Vented attics have a number of benefits, but also one well known and pesky downside: it is very hard to perfectly air seal the ceiling plane given the number of penetrations you have. This results in energy losses but also, often times, pulling less hygienic air from the attic into the home itself. LG Squared, a firm out of Atlanta offering architecture, interior design, construction, HVAC design and building science consulting, found an interesting way around this problem and wrote about their approach in a recent blog. It involves continuous mineral wool insulation on the exterior, loose fill stone wool in the attic and a unique application for zip sheathing.
So, where is the zip sheathing?
In the attic. They applied a continuous layer of zip sheathing on top of the attic joists. They then sealed the seams with tape. Basically, they treated the attic just like you would a wall with zip sheathing. There is no insulation in the ceiling cavity; that will be applied on top of the sheathing. This approach eliminates the need to air seal all the penetrations or worry about the drywall below the sheathing. Basically, you do the zip sheathing right and you don’t need to worry about anything below. An added benefit is that framers love having somewhere to stand as they build the roof. LG Squared combines this approach with a raised heel where the 2x8 roof rafters bear on the exterior wall, to achieve a continuous, uninterrupted layer of R-60 loose fill mineral wool insulation. They also installed 3” of continuous mineral wool insulation on exterior walls, which then meet up with the attic insulation to form a complete thermal boundary uninterrupted by thermal bridging or space limitations above the top plates. We spoke to Chris Laumer-Giddens, Principal of LG Squared, on the reasoning for this approach. “Materials in assemblies react to conditions. The more of the building we can protect from conditions the better it is for the durability of the building as well as the safety and comfort of the occupants. We keep our control layers, moisture, air, vapor and heat, on the exterior of the enclosure as much as possible. This also helps reduce the number of typical obstacles contractors face that can result in installation errors.”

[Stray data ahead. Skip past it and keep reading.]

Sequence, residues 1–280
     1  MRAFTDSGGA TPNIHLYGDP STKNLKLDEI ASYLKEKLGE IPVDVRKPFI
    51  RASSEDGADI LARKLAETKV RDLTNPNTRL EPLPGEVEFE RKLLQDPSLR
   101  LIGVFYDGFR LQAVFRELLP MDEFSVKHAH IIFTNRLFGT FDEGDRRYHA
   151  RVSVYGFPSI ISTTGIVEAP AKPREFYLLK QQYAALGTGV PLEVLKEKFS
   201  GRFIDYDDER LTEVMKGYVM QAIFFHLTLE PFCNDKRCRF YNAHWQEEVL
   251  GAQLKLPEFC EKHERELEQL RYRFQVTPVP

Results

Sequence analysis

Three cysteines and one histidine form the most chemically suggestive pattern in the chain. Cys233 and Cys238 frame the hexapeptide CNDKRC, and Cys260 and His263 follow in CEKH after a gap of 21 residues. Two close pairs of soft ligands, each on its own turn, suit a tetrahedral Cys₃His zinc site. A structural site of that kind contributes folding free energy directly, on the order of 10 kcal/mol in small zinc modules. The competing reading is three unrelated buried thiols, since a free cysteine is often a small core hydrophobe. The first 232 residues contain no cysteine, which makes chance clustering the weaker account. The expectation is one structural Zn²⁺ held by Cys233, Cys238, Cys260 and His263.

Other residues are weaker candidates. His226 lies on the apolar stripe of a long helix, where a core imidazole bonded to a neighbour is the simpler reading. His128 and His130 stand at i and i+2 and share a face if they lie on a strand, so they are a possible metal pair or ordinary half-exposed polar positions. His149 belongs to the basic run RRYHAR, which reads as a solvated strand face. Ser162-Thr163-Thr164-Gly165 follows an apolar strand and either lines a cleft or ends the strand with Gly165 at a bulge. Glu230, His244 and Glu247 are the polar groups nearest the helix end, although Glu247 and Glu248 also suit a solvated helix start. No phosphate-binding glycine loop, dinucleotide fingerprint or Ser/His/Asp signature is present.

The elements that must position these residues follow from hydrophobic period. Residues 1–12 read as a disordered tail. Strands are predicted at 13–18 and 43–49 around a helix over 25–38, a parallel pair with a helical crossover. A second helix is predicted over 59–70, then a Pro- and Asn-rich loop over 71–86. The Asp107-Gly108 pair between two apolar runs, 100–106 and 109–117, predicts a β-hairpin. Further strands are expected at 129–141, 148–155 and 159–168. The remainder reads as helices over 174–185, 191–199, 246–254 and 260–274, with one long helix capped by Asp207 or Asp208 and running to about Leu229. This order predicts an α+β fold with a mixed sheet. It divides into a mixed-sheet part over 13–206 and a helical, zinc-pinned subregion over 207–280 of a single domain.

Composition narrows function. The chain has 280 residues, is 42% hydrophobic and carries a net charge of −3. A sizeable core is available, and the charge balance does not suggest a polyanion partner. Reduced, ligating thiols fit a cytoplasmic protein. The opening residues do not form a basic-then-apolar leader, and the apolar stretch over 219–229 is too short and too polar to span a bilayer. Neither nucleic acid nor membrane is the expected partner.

What about the mechanicals? Or attic access?
Chris is a believer that the any gap in the thermal boundary of the home can compromise its performance. An attic access hatch can be done right, to prevent a failure in the boundary, but moving it outside of the boundary altogether eliminates the opportunity of failure during execution. So, they allow access to the attic through a hatch in the porch, and enter the attic from the side. This way the attic is accessible to investigate for roof leaks, if ever there are any, but the hatch is outside the thermal envelope. As for the mechanicals, they are in the conditioned basement, which is inside the thermal envelope, “where they belong” Chris states. The ductwork runs in the floor between the two levels of the home. In their blog, Chris provides a good analogy on why you don’t want your mechanicals in a ventilated attic “Asking your mechanical systems to operate in a ventilated attic, especially in winter, is much like asking your heart to operate outside of your body. You simply wouldn’t do that. It would have to work a lot harder to keep going, to keep the blood flowing and to keep you warm”.
Choice of Mineral Wool
We also spoke to Chris about why he chose to use mineral wool for the project. Turns out, he just prefers it generally, not only for this project “We have used all types of insulation and ultimately find that mineral wool combines the beneficial properties that an insulation product can offer. We keep it simple and do it well”. He especially likes the drying potential of mineral wool in exterior applications, among other reasons “when paired with zip sheathing or a comparable control later, like gyp sheathing and liquid flashing, we like its drying potential for exterior continuous applications.” While these are some of the top benefits, Chris also appreciates that “mineral wool doesn’t burn, isn’t a carcinogen and its R-value improves in colder temperatures, unlike Polyisocyanurate.” While some think mineral wool can be tricky to install and difficult to handle, his experience has been the opposite “Our installers find it is easy to work with” he says “we show our crews a few tricks to make sure there are no gaps and then they fly, with our eagle eye ever watching to ensure the perfect execution”
We encourage you to check out the full blog which has detailed designs of the home and its control layers, as well as images of the house during construction.